This study was funded by two grants. The National Medical Research Council (NMRC) and Ministry of Health (MOH), Singapore, Health Service Research Grant (HSRG) (Funding Number: NMRC/HSRG/0086/2018) and the Centre Grant Programme Singapore Population Health Improvement Center (Funding Number: NMRC/CG/C026/2017_NUHS). The funding organisations had no role in the study design, data collection and analysis, interpretation of the data, writing the paper and the decision to submit the paper for publication.

Institutional Review Board Statement

Ethics approval was obtained from the National University of Singapore, Institutional Review Board (NUS-IRB) before starting the study. The NUS-IRB reference code is S-19-005.

Informed Consent Statement

Written informed consent was obtained from all participants involved in the study.

Data Availability Statement

The data presented in this study are available on reasonable request from the corresponding author.


We would like to thank Rita Sim and Aloysius Chia of Duke-NUS Graduate Medical School for their administrative support and all other colleagues from the Enhancing Primary Care Team.

Conflicts of Interest

The authors declare no conflict of interest.


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Figure 1. Aspects of PCN that achieved the “4Cs” and suggested enhancements derived from analysis of 30 transcripts from interviews with GPs. DRP—diabetes retinal photography; DFS—diabetes foot screening; NC—nurse counselling; PCN—primary care network; MOH—Ministry of Health; GP—general practitioner; PCC—primary care coordinator; EMR—electronic medical record; CDR—chronic disease registry.
Figure 1. Aspects of PCN that achieved the “4Cs” and suggested enhancements derived from analysis of 30 transcripts from interviews with GPs. DRP—diabetes retinal photography; DFS—diabetes foot screening; NC—nurse counselling; PCN—primary care network; MOH—Ministry of Health; GP—general practitioner; PCC—primary care coordinator; EMR—electronic medical record; CDR—chronic disease registry.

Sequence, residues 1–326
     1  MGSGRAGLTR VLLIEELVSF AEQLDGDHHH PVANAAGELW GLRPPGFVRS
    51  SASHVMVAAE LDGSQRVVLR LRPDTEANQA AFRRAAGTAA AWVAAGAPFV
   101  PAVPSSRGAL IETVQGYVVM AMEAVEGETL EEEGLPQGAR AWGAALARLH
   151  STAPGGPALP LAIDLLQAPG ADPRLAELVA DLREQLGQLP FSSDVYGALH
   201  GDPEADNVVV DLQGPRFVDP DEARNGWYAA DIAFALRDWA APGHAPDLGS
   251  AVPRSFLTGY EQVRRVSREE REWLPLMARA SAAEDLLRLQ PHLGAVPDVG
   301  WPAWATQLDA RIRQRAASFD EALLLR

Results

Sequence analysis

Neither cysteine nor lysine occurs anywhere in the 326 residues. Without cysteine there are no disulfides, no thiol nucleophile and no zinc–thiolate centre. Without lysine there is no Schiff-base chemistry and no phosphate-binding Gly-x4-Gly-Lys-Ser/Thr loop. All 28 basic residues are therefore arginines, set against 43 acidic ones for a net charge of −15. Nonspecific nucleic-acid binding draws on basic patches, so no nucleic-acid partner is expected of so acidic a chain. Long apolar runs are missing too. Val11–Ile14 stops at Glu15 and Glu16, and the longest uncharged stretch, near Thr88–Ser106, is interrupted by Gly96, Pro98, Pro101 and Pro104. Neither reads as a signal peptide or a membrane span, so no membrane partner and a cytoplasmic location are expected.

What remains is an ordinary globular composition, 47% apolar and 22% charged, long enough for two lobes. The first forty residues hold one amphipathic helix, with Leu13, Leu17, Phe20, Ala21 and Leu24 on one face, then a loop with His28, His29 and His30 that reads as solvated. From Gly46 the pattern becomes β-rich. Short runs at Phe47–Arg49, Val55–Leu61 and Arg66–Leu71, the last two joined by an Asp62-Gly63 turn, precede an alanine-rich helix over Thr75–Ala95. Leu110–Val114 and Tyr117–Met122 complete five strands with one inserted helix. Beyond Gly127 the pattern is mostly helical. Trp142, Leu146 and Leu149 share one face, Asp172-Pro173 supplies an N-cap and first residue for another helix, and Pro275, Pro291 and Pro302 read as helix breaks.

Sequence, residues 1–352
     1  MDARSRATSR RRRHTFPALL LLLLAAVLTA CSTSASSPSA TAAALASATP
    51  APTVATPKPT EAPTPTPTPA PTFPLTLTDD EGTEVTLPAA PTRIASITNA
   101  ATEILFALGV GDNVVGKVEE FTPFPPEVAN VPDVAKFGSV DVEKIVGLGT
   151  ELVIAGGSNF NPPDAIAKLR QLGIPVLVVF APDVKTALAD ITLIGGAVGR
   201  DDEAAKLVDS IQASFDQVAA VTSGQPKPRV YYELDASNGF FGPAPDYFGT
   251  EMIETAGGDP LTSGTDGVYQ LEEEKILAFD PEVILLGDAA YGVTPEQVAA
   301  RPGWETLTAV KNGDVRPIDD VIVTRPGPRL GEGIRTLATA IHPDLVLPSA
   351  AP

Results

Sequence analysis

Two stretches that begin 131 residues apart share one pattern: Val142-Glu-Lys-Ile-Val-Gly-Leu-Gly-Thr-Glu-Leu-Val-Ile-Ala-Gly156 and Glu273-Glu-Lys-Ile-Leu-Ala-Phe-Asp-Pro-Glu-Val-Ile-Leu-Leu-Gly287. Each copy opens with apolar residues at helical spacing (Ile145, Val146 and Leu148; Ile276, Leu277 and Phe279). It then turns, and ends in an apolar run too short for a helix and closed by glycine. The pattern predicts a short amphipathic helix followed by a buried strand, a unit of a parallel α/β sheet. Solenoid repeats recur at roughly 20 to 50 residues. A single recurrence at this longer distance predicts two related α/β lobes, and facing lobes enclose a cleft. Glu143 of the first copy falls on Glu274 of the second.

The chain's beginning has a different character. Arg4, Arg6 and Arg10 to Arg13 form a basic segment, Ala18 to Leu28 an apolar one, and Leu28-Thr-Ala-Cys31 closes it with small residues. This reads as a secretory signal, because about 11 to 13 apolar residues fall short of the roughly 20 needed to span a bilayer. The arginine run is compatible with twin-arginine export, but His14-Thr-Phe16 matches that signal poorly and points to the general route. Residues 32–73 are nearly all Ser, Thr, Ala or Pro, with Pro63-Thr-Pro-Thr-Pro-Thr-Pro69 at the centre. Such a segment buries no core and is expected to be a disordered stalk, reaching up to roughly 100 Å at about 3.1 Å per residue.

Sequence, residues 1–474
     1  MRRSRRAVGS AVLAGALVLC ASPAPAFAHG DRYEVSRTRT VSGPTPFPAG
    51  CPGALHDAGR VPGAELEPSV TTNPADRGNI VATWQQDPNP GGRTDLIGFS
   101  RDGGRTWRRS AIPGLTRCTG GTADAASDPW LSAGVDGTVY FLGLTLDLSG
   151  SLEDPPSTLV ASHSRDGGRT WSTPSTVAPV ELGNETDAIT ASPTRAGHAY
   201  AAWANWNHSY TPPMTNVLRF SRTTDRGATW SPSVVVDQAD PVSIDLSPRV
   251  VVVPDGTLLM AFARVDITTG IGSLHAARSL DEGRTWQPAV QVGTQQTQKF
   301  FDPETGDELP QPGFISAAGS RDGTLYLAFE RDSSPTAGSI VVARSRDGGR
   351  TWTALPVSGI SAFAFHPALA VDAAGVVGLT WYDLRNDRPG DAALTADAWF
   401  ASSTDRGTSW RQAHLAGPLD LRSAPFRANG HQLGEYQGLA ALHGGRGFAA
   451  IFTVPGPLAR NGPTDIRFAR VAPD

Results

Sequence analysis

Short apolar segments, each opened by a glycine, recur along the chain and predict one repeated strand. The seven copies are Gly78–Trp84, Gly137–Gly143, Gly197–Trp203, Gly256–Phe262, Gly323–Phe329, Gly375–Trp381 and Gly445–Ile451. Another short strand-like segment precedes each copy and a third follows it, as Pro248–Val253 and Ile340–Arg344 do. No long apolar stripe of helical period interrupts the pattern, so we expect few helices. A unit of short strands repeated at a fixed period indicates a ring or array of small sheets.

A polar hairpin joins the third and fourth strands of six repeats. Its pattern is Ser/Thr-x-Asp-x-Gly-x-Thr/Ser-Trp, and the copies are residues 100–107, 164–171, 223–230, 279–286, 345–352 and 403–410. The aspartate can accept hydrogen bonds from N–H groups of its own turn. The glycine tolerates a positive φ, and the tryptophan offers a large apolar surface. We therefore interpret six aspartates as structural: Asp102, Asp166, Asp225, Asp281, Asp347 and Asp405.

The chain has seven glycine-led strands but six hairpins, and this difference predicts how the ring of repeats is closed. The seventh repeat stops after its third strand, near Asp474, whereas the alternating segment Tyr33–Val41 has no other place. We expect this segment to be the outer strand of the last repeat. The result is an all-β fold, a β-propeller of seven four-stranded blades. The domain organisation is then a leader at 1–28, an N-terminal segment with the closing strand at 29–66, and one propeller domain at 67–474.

Ijerph 18 02926 g001
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Foo, C.D.; Surendran, S.; Jimenez, G.; Ansah, J.P.; Matchar, D.B.; Koh, G.C.H. Primary Care Networks and Starfield’s 4Cs: A Case for Enhanced Chronic Disease Management. Int. J. Environ. Res. Public Health 2021, 18, 2926.

AMA Style

Foo CD, Surendran S, Jimenez G, Ansah JP, Matchar DB, Koh GCH. Primary Care Networks and Starfield’s 4Cs: A Case for Enhanced Chronic Disease Management. International Journal of Environmental Research and Public Health. 2021; 18(6):2926.

Chicago/Turabian Style

Foo, Chuan De, Shilpa Surendran, Geronimo Jimenez, John Pastor Ansah, David Bruce Matchar, and Gerald Choon Huat Koh. 2021. "Primary Care Networks and Starfield’s 4Cs: A Case for Enhanced Chronic Disease Management" International Journal of Environmental Research and Public Health 18, no. 6: 2926.